In spite of this, Colombia often gets presented by Washington and its minions in the corporate-owned media as some kind of success story in the region. As a result, it usually falls to alternative media and progressive NGOs to highlight the myriad problems that Colombia faces. The reason for this is straightforward – Colombia is the US’s major ally in South America and dutifully follows Washington’s foreign policy and neoliberal economic agendas. This includes allowing US military bases on Colombian soil. In addition to this, it also involves dutifully following the dictates of Washington’s favored international institutions such as the International Monetary Fund (IMF).

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As a reward for this obedience to US interests, Colombia has received generous US funding for its security forces. Plan Colombia, for instance, granted Colombia billions of dollars in security assistance for so-called ‘counter-narcotics operations’. These have provided a smokescreen for a ruthless campaign of displacement and related human rights abuses. So much so that Colombia has the largest population of internally displaced people in the world. Displacement has largely been carried out by right-wing paramilitary organizations, which have a long record of ruthless human rights abuses and have been responsible for the majority of civilian casualties throughout Colombia’s armed conflict.

‘Narco-state’ hypocrisy

In a cruel irony, there is considerable evidence that the Colombian government itself has been intricately linked to both these right-wing paramilitaries and to the drug trade. The ‘parapolitics‘ scandal, for example, engulfed Colombian politics during the presidency of Alvaro Uribe, who led Colombia between 2002 and 2010. It led to the conviction of over 30 members of the Colombian Congress and five governors for collusion with these paramilitary groups. Among those convicted were his own cousin Mario Uribe along with other political allies. The largest of these groups is the United Self-Defense Forces of Colombia (AUC in its Spanish initials), which the US government itself designates as a terrorist organization.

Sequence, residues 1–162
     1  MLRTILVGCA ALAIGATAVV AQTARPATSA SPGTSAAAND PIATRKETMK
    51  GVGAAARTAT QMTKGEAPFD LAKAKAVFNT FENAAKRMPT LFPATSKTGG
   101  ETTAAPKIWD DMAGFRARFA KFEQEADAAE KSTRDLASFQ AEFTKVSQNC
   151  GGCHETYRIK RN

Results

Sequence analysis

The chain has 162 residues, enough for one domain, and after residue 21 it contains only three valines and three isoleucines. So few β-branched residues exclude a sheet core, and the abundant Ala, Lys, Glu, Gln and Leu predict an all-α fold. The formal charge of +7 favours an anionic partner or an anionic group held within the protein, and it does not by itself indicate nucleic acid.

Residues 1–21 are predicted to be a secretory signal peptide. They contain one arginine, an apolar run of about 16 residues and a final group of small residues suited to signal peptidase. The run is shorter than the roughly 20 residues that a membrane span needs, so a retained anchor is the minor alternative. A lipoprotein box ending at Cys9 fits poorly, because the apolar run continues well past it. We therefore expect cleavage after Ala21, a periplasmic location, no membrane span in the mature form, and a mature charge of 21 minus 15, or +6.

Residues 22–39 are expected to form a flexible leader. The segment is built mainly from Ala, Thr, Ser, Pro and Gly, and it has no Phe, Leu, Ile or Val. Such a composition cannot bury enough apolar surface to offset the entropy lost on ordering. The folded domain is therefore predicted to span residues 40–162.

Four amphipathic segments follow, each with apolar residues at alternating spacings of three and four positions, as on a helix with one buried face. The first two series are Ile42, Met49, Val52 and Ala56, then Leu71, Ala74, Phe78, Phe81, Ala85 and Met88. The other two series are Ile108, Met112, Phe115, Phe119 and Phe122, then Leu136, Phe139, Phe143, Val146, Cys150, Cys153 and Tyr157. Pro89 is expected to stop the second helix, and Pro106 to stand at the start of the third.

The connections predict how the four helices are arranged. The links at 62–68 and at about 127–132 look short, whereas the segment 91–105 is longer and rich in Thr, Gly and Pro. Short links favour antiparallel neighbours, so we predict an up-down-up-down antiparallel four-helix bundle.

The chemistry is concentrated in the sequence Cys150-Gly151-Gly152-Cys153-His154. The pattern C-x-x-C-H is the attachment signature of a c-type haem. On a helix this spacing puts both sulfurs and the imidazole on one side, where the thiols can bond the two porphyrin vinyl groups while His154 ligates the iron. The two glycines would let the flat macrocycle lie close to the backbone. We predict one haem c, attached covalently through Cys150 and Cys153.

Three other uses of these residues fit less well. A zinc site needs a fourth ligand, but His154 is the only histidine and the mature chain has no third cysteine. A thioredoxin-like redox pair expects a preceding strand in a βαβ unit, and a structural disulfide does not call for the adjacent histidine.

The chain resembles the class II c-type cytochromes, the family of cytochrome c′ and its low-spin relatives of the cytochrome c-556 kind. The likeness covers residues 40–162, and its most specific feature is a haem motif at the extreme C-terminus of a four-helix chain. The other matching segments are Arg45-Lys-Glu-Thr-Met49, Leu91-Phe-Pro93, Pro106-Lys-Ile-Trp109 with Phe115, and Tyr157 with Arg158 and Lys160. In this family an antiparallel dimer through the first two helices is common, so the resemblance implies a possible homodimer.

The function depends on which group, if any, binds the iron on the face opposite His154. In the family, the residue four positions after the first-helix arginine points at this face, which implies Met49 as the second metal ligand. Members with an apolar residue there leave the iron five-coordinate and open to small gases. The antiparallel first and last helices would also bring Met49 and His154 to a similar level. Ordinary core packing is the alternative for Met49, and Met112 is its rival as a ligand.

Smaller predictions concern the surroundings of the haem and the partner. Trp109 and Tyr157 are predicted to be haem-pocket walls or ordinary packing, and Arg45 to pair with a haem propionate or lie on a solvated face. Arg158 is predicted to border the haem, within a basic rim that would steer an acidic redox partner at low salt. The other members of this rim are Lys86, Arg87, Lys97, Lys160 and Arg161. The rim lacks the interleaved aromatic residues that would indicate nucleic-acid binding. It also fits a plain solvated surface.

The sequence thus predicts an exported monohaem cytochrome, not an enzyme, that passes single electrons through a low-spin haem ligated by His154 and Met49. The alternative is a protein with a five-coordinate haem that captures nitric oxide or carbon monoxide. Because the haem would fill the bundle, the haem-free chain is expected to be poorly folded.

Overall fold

Meanwhile, the US’s own intelligence cables from the 1990s describe then-senator Uribe as a “close personal friend of Pablo Escobar” who was “dedicated to collaboration with the Medellín cartel at high government levels”. They also show that Colombia-based US personnel received intelligence from a fellow senator claiming that Uribe’s election campaign for the senate was financed by Escobar’s cartel. Colombia Reports reported last year that “Uribe and his party have never won a presidential election without the admitted help of drug traffickers”. Keep in mind that Colombia’s current president Ivan Duque is widely considered to be Uribe’s protégé and owes him for his transformation from a relative unknown to a viable presidential candidate.

Shameless double standards

As The Canary has previously argued, the US support for leaders like Uribe and Duque is all the more hypocritical given that it uses other countries’ alleged status as ‘narco-states’ and alleged ‘state sponsorship of terrorism’ to justify its interventionist agenda. Less credible accusations of state involvement in drug-trafficking, for example, have been used as part of the justification for the ongoing coup attempt against the democratically-elected government of Venezuela.

The contrast between Colombia and Venezuela is a perfect illustration of how the US engages in shameless double standards in Latin America. Venezuela has been opposing US imperialism and attempting to provide an alternative to neoliberalism. Thus, it has been singled out for criticism, meddling, and outright ‘regime change’ efforts. On the other hand, since Colombia has been cooperating with the US’s foreign policy and economic agenda, there is practically nothing that Washington won’t overlook.

A pressing burden, therefore, falls on independent media outlets to highlight this hypocrisy and the sordid record of the US’s best friend in Latin America.

Featured image via Flickr – Mark Koester